Excerpt from Leaving New York by Tony Dunlap:
“As they moved north to begin Jacob’s ghastly “witness” tour, numbness took hold of Tommy. Time ceased its feeling. The neat division of days, the predictable emotional chart of the week—the excitement of Fridays and Saturdays, the melancholy of Sundays and Mondays, the neutral arc of Tuesdays, Wednesdays, Thursdays—collapsed into sameness. The night no longer felt separate from the daytime, just a continuation of a blank temporal plane, much like the Texas landscape they drove through, an expanse of flatlands and desert, civilization hiding, nothing to see except the occasional batch of oil rigs and desolate towns. The car became less a mode of transport and more a lifeline to the familiar, to sanity. They drove constantly yet seemed to get nowhere, on and on, and on and on. And so they drifted . . .
. . . and drifted . . .
. . . drifting along Highway 90, bypassing Houston completely, as Tommy and Eric alternated driving duties, talking little, Jacob losing himself in his iPod, his white ear buds occasionally falling out, stopping for gas and food at rests stops . . .
. . . drifting onto Highway 45, passing through places called The Woodlands, Conroe, Willis . . . cutting through a patch of Sam Houston National Forest—finally some greenery!—then plunging back again into the barrenness, unceasing, relentless, the sun boiling the car in daytime, the air conditioner blasted “high, the nighttime dropping into sudden cold . . . hours and hours of silence, fiddling with the radio, trying to find a decent radio station, avoiding the country music and religious programming that predominated, listening to Eric’s iPod on occasion, giving him a needed dose of rap music, jiving to the Wu-Tang Clan, followed by the endless, endless, endless strains of “November Rain” by Gun’s’Roses . . .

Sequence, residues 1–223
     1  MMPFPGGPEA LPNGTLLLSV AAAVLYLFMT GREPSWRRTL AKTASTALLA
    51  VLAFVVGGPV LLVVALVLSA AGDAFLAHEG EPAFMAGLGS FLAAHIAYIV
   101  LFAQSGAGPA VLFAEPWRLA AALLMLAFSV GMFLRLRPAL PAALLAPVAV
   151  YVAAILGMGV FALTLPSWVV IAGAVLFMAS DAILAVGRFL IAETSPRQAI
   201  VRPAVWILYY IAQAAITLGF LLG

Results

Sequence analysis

. . . drifting by several more towns, including several “-villes”: Huntsville, Madisonville, Centerville—stopping, as always, for more food and gas, Eric calling his karaoke bar back in Portland, getting updates on how business was faring in his absence, agreeing with his manager to make this or that purchase, allowing such and such a person to be hired, one to be fired, yelling when he heard that his accountant hadn’t completed his taxes on time and he would have to pay for an extension, the delivery of an important piece of equipment that had been delayed . . .
. . . drifting further, everyone sleeping heavily at night in a bland motel, waking up early, awkwardly lingering around the “cramped room, watching TV while one or the other of them showered (the only real privacy any of them got was in the bathroom), all conversation between them exhausted, their laundry bulging in their bags, their supply of clean clothes dwindling, their hair getting longer, no barber shops in sight, their nerves jangling, close to fraying . . .
. . . drifting, inching more like it, towards Dallas . . .”
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